GERARD HOWLIN: After Fine Gael’s cop-out, the public interest is without a public defender

Picture: Maxpix

If you are over 50, on a pre-1996 pension, a lower rate of PRSI, a full pension entitlement at 60, and sitting pretty on your increments, then the shafting of new entrants was done for you, by you and you know it, writes Gerard Howlin

SHORTLY after 8pm last Thursday, the leaders of public service unions who signed up to the Lansdowne Road Agreement were shafted. The pay deal, worth €40m to gardaí, was overreached by the Labour Court, concerned to issue a recommendation that would be accepted, and thus reinforce its jurisdiction.

Effectively this means acceptance by the divided Garda Representative Association (GRA). It is a given that the Government doesn’t reject its recommendations, but unions may. As the Luas and Dublin Bus disputes demonstrated, the industrial relations machinery of the State provide a floor, not a ceiling, for what can be had. It’s a slot machine for vested interest. Where the public interest lies is unknown.

Everything is a matter of perspective. From the viewpoint of most trade union leaders, who represent mostly public service workers, they played an essential role in ensuring that Lansdowne Road stuck. They did this at considerable cost, within their unions, where the going has gotten increasingly rough. Ironically they seldom got the appreciation they deserved from members when pay rose exorbitantly. But they got the grief on the way back down. Croke Park, Haddington Road, and Lansdowne Road form a serried political construct where what was done served two essential requirements. The first was to preserve the State, on which ultimately public service workers absolutely depend. Second was the requirement to distribute what was available to current voting members of trade unions. Thence the abandonment of new entrants not only on equal pay, but on pension too. It was a Faustian pact. And understand this, Lansdowne Road may be shot, but the underlying inequalities have been put beyond reach.

Bellyaching now about poorly-off new entrants doesn’t bear scrutiny. Public servants understandably have no interest in equal pay for equal work. Any application of the principle would collapse the entire system immediately. For example, there is no suggestion that increments, virtually unknown in other employments, be abandoned. There is nobody proposing that vastly different entitlements to public service pensions, varying from gold-plated prior to 1996 to little more than base metal today, be reversed, to become equal pension for equal service. If you are over 50, on a pre-1996 pension, a lower rate of PRSI, a full pension entitlement at 60, and sitting pretty on your increments, then the shafting of new entrants was done for you, by you and you know it. If you had any decency you would be kissing the hand of your trade union leader. And the base metal pensions for new public service entrants come at a hefty discount, compared to what could be similarly afforded in the private sector. It’s all a matter of perspective, you see.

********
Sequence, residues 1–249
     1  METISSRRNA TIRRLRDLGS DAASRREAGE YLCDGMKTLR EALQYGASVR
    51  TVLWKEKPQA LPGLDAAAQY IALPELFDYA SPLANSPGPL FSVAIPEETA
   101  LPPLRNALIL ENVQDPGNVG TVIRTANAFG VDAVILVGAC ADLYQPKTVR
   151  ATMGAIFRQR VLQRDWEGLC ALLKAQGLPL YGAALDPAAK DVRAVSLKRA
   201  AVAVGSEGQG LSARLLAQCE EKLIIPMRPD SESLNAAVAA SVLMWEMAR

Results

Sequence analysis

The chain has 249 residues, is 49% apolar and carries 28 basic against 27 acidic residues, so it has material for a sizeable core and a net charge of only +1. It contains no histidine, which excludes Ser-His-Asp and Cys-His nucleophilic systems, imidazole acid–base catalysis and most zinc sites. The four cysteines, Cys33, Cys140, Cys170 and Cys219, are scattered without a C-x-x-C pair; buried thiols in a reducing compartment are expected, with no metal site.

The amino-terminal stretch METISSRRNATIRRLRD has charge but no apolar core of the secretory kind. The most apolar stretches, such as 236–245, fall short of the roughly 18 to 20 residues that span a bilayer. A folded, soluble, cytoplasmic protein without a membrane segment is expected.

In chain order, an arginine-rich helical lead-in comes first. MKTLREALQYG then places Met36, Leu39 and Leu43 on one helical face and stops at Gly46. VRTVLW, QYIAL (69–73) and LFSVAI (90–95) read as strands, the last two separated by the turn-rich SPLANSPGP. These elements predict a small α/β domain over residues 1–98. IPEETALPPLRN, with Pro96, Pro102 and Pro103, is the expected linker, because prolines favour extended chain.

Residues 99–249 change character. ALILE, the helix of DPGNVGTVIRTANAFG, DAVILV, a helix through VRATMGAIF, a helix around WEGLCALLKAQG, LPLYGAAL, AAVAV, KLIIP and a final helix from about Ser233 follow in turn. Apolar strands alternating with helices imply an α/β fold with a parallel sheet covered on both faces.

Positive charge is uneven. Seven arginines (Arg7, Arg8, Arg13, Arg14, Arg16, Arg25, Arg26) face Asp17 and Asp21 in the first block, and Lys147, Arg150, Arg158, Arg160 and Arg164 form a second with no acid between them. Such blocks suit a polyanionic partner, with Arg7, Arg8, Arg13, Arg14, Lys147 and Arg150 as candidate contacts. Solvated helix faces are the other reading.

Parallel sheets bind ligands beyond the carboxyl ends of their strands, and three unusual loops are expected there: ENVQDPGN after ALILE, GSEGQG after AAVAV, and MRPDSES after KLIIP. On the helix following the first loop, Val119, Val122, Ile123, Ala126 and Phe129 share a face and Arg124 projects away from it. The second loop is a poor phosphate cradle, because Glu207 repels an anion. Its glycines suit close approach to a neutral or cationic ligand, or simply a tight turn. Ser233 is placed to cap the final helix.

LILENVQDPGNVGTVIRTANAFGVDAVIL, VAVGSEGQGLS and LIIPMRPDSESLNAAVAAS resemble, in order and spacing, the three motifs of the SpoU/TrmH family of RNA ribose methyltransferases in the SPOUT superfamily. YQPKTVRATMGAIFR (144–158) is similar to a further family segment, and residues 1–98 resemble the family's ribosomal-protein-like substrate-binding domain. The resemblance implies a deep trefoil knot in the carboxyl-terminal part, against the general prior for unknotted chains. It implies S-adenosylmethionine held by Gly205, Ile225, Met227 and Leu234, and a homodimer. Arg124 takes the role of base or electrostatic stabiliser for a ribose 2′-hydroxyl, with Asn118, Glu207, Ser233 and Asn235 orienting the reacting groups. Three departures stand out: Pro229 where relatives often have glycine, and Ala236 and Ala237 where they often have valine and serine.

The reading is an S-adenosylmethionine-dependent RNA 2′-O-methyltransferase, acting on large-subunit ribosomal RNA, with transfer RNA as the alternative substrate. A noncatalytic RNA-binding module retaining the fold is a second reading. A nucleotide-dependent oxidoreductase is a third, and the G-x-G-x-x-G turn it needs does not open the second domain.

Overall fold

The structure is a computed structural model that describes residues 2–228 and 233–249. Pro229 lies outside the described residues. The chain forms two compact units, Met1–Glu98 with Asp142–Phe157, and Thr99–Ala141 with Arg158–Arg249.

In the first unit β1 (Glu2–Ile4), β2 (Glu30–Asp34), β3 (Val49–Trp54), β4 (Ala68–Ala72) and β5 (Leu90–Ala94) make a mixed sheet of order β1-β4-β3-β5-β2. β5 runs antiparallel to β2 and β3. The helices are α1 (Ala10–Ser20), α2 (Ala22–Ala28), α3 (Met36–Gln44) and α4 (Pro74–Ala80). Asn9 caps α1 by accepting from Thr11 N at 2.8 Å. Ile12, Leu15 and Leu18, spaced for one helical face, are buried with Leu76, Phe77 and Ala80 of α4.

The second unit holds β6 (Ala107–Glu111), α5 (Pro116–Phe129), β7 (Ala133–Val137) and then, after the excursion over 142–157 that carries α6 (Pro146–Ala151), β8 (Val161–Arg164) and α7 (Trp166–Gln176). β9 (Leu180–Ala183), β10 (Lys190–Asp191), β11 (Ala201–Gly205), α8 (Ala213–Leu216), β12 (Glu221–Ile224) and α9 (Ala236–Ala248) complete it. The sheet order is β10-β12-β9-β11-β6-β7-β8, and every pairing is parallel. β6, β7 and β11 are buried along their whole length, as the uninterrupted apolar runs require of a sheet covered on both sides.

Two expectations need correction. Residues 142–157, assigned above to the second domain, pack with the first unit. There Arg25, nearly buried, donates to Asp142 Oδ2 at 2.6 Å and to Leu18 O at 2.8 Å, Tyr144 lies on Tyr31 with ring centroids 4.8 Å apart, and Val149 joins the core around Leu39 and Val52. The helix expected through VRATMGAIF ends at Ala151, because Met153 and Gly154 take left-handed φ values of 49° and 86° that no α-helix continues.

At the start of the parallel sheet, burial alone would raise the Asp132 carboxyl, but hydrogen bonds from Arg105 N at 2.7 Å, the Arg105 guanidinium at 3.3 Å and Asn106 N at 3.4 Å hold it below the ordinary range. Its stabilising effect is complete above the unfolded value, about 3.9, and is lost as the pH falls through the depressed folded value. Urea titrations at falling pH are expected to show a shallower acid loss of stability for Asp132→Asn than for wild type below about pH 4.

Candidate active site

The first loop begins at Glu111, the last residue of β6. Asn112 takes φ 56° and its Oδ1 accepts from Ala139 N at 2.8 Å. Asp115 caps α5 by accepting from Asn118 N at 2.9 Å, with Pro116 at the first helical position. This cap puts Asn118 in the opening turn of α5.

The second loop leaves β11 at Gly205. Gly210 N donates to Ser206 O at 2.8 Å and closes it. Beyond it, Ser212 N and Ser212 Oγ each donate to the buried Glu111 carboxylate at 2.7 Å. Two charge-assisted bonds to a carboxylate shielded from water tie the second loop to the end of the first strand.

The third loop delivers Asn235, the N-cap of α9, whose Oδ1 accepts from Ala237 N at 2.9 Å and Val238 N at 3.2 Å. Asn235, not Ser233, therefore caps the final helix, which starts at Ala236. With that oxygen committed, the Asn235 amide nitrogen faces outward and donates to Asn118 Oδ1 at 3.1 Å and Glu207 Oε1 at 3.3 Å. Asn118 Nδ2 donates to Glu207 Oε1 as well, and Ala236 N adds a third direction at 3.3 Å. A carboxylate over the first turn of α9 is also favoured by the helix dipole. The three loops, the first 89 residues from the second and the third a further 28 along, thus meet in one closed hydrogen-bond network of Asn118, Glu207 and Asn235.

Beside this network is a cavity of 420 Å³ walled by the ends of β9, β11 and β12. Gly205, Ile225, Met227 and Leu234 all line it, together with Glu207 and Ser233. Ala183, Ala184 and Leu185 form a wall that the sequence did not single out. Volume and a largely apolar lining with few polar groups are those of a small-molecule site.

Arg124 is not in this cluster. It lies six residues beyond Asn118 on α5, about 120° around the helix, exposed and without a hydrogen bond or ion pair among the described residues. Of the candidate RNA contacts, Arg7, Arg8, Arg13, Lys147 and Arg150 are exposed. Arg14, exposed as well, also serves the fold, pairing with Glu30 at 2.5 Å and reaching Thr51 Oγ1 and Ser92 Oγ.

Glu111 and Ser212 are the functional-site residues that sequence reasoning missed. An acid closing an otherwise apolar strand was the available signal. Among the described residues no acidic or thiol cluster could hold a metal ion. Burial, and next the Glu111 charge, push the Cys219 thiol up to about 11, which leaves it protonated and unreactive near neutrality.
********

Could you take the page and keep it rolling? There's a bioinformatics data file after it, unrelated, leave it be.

New entrants to the public service have a grievance, and so-called pay restoration can only partly solve it — and only then at a cost to public services and the public interest. To put it into perspective, an average garda enters the ranks in their early 20s, retires on full pension 30 years later in their early 50s, and then lives for another 30 years. For every year of service there is an approximate year on pension. This 1:1 ratio is utterly unsustainable. It has nearly doubled in a lifetime. But with increasing life expectancy, it is set to further increase. The addition of the six months spent in Templemore into the calculation for pension entitlement possibly tips the system into the bizarre realm, where gardaí are almost uniformly longer on pension than working. In any event, increased life expectancy will achieve that soon.